To verify whether the aberrant expression of genes in the SP and RP subclones can be explained by the observed copy number changes, integration of genomic (array CGH data) and transcriptomic data was performed. For subclone SP, we identified 18 genes with DNA gains being up-regulated and 31 genes with DNA losses being down-regulated, whereas for subclone RP, 44 up-regulated genes showed copy number gains and 5 genes with copy number losses were down-regulated (Table 2).
Table 2

Integration of differentially expressed genes with array CGH data

CAL-33 SP (#303)

CAL-33 RP (#327)

Gene name

FC

 

Gene name

FC

 

PTGS1

16.417

gain

PTGS1

20.52

gain

TLR4

10.333

IL7R

10.643

SLC2A6

7.167

SLC2A6

7.13

TNC

5.478

SLC12A7

6.931

PHF11

4.886

COL5A1

6.608

PAPPA

4.594

CERCAM

6.381

MX2

4.457

PDZD2

5.726

LHFP

4.442

PTGER4

5.05

RGCC

4.285

STXBP1

4.377

GTF2F2

3.767

INPP5E

3.797

BACE2

3.755

NKD2

3.785

NEK3

3.564

SLC1A3

3.784

MSANTD3

3.198

RICTOR

3.675

FNDC3A

2.971

PTGES

3.409

RC3H2

2.77

MVB12B

3.381

INPP5E

2.584

CDK5RAP2

3.362

RPL7A

2.543

PRRC2B

3.155

UFM1

2.485

SEC16A

2.948

SLC25A29

0.263

loss

RC3H2

2.855

RCOR1

0.297

USP20

2.714

HLCS

0.305

RPL7A

2.59

CCDC85C

0.318

CARD9

2.572

IPO5

0.322

TOR1B

2.529

WRB

0.326

TRAF1

2.524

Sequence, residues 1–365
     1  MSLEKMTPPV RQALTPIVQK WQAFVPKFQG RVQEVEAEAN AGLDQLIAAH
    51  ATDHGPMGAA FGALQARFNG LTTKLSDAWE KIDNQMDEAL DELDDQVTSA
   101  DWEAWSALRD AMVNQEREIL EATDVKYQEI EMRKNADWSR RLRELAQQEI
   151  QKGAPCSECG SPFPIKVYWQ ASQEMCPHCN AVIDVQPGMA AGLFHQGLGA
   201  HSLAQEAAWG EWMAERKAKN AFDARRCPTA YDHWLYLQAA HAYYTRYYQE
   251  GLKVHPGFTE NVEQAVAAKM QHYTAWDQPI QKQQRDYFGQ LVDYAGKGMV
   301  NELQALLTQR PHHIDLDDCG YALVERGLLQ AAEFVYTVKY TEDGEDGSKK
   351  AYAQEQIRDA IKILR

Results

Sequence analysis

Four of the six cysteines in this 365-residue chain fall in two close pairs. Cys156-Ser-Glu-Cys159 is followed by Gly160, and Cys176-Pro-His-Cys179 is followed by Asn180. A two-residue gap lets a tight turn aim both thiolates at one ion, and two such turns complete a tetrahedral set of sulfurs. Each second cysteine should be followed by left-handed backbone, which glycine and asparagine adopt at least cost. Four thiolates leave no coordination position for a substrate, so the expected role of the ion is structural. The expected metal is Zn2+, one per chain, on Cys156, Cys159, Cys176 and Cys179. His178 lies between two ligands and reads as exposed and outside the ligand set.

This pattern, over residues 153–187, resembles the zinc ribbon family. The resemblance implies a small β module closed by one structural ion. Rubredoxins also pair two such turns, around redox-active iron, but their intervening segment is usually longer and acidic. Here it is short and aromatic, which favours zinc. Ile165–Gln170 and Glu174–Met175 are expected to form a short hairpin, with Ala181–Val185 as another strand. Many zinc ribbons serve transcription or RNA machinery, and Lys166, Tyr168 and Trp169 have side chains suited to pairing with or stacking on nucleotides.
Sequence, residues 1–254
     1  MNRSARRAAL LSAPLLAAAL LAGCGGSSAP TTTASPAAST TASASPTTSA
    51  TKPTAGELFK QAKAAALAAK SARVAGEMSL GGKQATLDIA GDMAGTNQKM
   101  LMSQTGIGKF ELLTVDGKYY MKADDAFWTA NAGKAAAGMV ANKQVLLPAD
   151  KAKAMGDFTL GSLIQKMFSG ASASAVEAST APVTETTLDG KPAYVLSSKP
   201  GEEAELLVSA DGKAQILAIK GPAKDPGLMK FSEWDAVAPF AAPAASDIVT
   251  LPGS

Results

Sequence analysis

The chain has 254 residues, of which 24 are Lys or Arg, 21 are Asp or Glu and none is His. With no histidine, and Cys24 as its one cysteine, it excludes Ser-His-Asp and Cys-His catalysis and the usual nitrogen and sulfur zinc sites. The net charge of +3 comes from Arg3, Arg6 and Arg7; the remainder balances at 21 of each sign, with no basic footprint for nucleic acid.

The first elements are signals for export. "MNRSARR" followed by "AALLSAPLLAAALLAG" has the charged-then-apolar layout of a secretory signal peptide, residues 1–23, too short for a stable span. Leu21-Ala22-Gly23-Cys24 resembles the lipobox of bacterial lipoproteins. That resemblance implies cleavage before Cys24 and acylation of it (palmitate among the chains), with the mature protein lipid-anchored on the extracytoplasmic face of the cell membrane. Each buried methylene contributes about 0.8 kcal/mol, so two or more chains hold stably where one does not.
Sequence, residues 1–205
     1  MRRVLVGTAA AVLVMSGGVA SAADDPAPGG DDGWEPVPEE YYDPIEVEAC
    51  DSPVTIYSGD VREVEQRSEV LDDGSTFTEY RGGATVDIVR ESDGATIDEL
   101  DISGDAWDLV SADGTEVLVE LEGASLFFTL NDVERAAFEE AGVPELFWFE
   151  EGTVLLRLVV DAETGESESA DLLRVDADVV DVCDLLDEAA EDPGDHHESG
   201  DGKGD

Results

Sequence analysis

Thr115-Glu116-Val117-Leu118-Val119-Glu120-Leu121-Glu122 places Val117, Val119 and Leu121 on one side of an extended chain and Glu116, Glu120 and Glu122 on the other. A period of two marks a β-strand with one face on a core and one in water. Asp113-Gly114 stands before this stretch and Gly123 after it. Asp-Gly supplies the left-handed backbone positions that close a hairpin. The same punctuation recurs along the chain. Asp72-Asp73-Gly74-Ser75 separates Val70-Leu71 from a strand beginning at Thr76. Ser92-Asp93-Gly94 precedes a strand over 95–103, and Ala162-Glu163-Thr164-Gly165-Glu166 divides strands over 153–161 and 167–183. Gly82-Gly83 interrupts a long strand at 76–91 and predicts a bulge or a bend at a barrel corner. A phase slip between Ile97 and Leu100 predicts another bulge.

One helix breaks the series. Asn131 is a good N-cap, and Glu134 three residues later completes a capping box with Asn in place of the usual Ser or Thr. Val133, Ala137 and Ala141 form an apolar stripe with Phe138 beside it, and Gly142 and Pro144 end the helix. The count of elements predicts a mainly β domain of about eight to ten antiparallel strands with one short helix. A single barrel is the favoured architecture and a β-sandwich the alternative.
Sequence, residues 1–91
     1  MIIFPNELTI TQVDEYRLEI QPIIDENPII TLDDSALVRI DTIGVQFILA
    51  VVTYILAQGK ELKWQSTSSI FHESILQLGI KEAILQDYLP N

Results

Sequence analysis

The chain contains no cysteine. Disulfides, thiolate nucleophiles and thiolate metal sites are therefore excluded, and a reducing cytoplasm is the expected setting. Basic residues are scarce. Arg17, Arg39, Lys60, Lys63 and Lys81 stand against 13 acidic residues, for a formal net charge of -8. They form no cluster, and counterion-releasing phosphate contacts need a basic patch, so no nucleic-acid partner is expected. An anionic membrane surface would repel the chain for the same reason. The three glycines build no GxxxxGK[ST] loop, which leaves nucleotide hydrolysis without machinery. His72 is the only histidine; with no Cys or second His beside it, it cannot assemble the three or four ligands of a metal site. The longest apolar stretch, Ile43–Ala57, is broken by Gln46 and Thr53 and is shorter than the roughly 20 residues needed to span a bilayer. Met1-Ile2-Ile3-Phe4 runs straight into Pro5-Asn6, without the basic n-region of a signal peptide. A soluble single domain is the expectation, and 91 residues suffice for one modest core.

PIGP

0.329

QSOX2

2.492

CDCA4

0.36

TLR4

2.473

ZBTB42

0.361

UGCG

2.463

EVA1C

0.37

ZBTB43

2.396

BTBD6

0.37

C9orf9

2.327

TTC3

0.374

RAD1

2.255

CLN5

0.388

TRIM32

2.241

CCNK

0.389

PTRH1

2.221

DSC3

0.389

CEP72

2.208

PPP1R13B

0.389

DAP

2.035

DYRK1A

0.393

C9orf114

2.019

SIVA1

0.4

SDHA

2.013

BRF1

0.404

DOLPP1

1.997

IMPACT

0.41

RALGPS1

1.996

IFNGR2

0.416

SURF1

1.958

TIAM1

0.423

MTRR

1.855

PCCA

0.426

C5orf42

1.849

EML1

0.432

ANKRD33B

0.609

HMGN1

0.439

OR4C6

0.576

SETD3

0.441

NPR3

0.43

OSBPL1A

0.462

GOLGA6L6

0.505

loss

IFNAR2

0.54

ZNF480

0.532

LAMA3

2.1

NBPF10

1.909

CRIP1

2.463

TPTE

2.342

CDH2

5.373

NBPF9

2.945

Detailed information on identified genes, their CNA status and corresponding fold changes are presented

This integrative data analysis of DNA copy number and gene expression followed by pathway enrichment analysis allowed us to identify related pathways encompassing signaling by Rho GTPases as one of the deregulated pathways in the SP subclone. At the same time we observed DNA loss and downregulation of the TIAM1 gene that belongs to the Rho GTPases signaling pathway. Yang et al. recently showed that high expression of TIAM1 is associated with poor clinical outcome in patients with HNSCC [39]. Similarly, for the RP subclone a gain and upregulation of RAD1 and RICTOR genes was observed which is in accordance with the deregulation of the homologous recombination and PI3K signaling pathways in HNSCC as previously described in [40]. For both of those clones a gain and upregulation of the TLR4 gene and the deregulation of the toll-like kinases signaling pathway including upregulation of the genes PLCG2, TAB3, RPS6KA2 has been detected. Even though contradictory reports exist, the overexpression of TLR4 and activation of related pathway has been described to promote HNSCC tumor development and to ensure tumor protection from the immune system [41].